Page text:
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Acromio-Clavicular (A-C) joint -Dislocation/Separation
This injury is very common in all contact sports and involves a fall onto the shoulder, elbow or outstretched hand. One common cause is during a hard bump in Australian Rules football. Depending on the severity the outside end of the clavicle will be pushed upwards (PICTURE).
This injury is caused by tearing of the ligaments around the A-C joint and involves partial separation (Grade I and II) or total separation (Grade III) of the joint. There is pain and tenderness around the outer end of the clavicle that is increased by movement.
This problem is commonly referred to as ‘frozen shoulder’. This is an ongoing shoulder problem which can occur in the older person as a result of any shoulder injury. It is characterised by a period of marked pain and inflammation in the shoulder closely followed by marked stiffness and loss of range of movement in the shoulder. It is due to a buildup of scar tissue and contraction of the ligaments around the shoulder following the painful inflammation.
Fractures (Clavicle, Scapula, Upper Humerous)
Clavicle injuries are very common in contact sports and cycling, skiing or horse riding. This fracture usually results from a fall onto the point of the shoulder, onto an outstretched hand (PICTURE) or from a direct blow. The clavicle will usually break in the middle third of the bone or towards the outer third. The fracture will be characterised by extreme localized tenderness and swelling, and sometimes a cracking feeling with arm movement. The bony deformity is easily felt in this case.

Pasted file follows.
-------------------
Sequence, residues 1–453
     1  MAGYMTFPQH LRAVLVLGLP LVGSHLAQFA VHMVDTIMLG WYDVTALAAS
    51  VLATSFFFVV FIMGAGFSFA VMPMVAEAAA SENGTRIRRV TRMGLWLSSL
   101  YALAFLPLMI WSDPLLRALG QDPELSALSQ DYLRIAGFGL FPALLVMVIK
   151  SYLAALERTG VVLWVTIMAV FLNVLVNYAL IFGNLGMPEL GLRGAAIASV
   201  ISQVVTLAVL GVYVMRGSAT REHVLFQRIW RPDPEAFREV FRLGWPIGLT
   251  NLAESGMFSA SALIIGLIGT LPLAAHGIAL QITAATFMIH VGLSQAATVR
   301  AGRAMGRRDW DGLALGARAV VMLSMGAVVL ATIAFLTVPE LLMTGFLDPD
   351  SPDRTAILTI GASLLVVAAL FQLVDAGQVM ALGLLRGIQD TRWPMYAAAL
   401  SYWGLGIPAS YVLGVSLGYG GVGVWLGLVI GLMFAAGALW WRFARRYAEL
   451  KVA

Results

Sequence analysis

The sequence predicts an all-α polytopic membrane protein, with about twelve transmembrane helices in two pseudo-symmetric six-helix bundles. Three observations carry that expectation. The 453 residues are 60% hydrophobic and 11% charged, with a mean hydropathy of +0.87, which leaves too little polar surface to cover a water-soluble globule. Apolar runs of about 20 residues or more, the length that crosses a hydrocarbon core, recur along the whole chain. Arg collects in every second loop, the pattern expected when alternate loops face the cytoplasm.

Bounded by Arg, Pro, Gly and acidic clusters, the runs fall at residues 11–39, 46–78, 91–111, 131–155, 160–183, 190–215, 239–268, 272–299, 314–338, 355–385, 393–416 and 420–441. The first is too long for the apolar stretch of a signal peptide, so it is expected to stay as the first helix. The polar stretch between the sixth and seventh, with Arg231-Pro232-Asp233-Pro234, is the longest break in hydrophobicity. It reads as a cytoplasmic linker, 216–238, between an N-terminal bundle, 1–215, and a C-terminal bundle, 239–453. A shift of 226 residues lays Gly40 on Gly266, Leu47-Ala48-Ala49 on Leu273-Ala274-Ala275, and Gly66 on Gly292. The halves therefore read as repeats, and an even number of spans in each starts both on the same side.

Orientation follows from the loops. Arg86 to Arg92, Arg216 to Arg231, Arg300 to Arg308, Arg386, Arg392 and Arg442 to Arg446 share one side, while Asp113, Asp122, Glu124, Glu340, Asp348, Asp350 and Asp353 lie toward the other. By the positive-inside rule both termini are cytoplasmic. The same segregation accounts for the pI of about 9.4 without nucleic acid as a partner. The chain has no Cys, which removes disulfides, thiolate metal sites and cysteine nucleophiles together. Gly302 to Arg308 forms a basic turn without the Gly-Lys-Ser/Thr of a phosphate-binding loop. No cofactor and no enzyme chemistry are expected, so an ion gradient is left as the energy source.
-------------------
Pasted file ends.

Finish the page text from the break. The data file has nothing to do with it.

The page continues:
This injury is common in contact sports as well as cycling or horse, commonly caused by a direct blow to the back of the shoulder. Common symptoms are pain over the back of the shoulder, worsened by any arm movement.
This fracture most commonly occurs with a fall onto the outstretched hand or a direct fall onto the shoulder. Marked pain will be experienced around the shoulder with a large amount of pain when touching the area just below the shoulder joint. The arm should be immobilised in a sling and medical opinion should be sought as soon as possible.
Subluxation is caused when the shoulder is pushed or slips forward, backwards and/or downwards in the joint but does not pop out totally. Subluxation bay be due to an acute trauma or repetitive loading of the shoulder such as during heavy lifting. This injury is common in repetitive throwing sports such as baseball, contact sports or racquet sports.
This injury is characterised by pain during and after exertion, a felling of looseness or dislocation when raising the arm above 90?.In the long term this injury causes weakness of the rotator cuff muscles and therefore further instability.
Acute dislocation is common with a fall onto the outstretched hand or a direct blow to the front or back of the shoulder. Dislocation is characterised by extreme pain and spasm in the shoulder as well as visible deformity and inability to lift or move the arm. A temporary numbness and weakness of the arm is sometimes felt – a symptom commonly called ‘dead arm syndrome’.